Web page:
Between March 24, 2002, and June 12, 2006, 1,540 (2.3%) women received transfusions for obstetric hemorrhage among 66,369 women delivered at Parkland Hospital. As shown in Figure 1, 659 (43%) women were transfused with whole blood only, 593 (39%) with packed red blood cells only, and the remaining 288 (19%) received combinations of blood products. The mean units transfused were 2.2 and 2.3 units in the whole blood and packed red blood cell transfusion groups, respectively. Women given combinations of blood products received a significantly larger number of units (mean 5.5 units, P<.001 compared with the whole blood and packed red blood cell–only groups, Wilcoxon rank sum test). Approximately 72% of these women received combinations of whole blood and packed red blood cells, with the remaining 28% receiving other component therapy.
Maternal demographic characteristics for women transfused are summarized in Table 1. There were no significant differences except in the American Society of Anesthesiologists class. Specifically, the incidence of Class III was significantly increased in women given combinations of blood products compared with the other two transfusion groups. The criteria used to diagnose hypovolemia was similar in groups A and B; however, a systolic BP less than 100 mm Hg, a pulse rate of more than 100 beats per minute, and oliguria were all greater in the combination of products group, P<.01. The median (interquartile range) hematocrit at the time of transfusion in the packed red blood cell–only group was 24.2 (21.6–27.5), the whole blood group was 24.1 (21.3–27.2), and the combination group was 24.3 (20.9–27.1). The mean±standard deviation crystalloid use was greater in the combination groups, 13.1±11 L compared with 9.1±4.7 L in the packed red blood cell–only group and 8.9±4.3 in the whole blood group, P<.001.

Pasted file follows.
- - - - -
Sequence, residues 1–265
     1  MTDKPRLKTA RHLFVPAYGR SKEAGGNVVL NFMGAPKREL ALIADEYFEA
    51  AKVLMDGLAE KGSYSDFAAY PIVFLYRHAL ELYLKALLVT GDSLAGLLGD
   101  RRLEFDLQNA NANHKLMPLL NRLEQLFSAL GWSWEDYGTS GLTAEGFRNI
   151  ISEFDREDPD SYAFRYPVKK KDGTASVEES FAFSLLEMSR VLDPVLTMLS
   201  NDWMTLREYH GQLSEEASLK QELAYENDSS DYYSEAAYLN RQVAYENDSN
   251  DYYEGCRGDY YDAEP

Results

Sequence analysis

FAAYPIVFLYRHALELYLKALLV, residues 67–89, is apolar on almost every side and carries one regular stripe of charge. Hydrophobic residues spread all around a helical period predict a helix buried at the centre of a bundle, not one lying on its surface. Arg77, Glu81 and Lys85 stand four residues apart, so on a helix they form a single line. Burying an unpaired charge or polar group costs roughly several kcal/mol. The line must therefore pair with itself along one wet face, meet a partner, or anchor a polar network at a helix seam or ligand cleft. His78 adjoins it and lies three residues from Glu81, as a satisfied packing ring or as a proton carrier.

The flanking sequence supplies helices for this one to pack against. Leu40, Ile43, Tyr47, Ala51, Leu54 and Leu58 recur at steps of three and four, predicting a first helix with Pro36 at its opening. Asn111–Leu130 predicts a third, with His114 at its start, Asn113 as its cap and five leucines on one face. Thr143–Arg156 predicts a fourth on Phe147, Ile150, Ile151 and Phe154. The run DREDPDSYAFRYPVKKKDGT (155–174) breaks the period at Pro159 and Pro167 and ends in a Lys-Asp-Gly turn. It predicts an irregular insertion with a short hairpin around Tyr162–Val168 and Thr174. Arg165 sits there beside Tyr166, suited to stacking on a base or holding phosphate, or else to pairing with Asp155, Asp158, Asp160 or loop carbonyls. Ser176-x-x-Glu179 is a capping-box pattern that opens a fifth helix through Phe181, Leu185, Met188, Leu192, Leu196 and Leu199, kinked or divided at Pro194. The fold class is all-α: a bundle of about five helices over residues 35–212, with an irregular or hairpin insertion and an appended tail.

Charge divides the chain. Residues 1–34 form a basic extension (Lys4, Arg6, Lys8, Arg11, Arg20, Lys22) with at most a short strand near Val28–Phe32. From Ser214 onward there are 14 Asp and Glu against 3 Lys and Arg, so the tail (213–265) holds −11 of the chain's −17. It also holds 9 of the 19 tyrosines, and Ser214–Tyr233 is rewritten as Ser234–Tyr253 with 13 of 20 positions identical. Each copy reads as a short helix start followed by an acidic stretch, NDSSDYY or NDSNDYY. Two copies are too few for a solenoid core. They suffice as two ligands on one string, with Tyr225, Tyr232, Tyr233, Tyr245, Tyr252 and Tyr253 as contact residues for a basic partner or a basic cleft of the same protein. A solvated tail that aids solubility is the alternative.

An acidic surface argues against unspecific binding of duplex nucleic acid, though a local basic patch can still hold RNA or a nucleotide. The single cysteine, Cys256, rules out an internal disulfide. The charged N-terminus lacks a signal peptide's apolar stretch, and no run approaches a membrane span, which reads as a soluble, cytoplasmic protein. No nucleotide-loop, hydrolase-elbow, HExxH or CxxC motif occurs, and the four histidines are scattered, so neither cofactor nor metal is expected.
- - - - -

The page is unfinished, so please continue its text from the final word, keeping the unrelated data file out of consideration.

Obstetric complications in women transfused are shown in Table 2. There were no significant differences except for placental previa or abruption, hysterectomy, and perineal trauma, which were all increased in the combination blood products group.
Morbidities, to include acute tubular necrosis, adult respiratory distress syndrome, pulmonary edema, hypofibrinogenemia, and intensive care unit admission, were all significantly related to the different blood transfusion groups. Acute tubular necrosis was significantly decreased in women given whole blood only compared with packed red blood cells only or combination therapy, 0.3% compared with 2% compared with 4%, respectively, P<.001 (Table 3).
The hospital courses of the 14 women developing acute tubular necrosis in the packed red blood cell and whole blood groups were reviewed. Two of the 14 were in the whole blood only group and were discharged from the hospital with an elevated serum creatinine that went on to normalize without the need for dialysis. The remaining 12 women were in the packed red blood cell only group. Five of the women had a return of the creatinine to normal before discharge. Four were discharged from the hospital with elevated serum creatinine values that returned to normal in the following weeks. One woman had chronic renal insufficiency, with a creatinine of 1.5 mg/dL. The remaining two women given packed red blood cell transfusions required dialysis; one died of multiorgan failure, and the other woman continued on long-term dialysis due to complete renal failure.
Pulmonary edema was significantly increased in women given whole blood only compared with packed red blood cells only (7% compared with 4%, respectively, P<.001). Women in the combination blood product group experienced significantly increased rates of adult respiratory distress syndrome, hypofibrinogenemia, and admission to intensive care. Careful chart review of the women with pulmonary insufficiency ruled out transfusion-related acute lung injury. All cases of pulmonary edema were attributed to transfusion-associated circulatory overload and were successfully managed with diuretics and oxygen supplementation. Adult respiratory distress syndrome received ventilation support in our intensive care unit.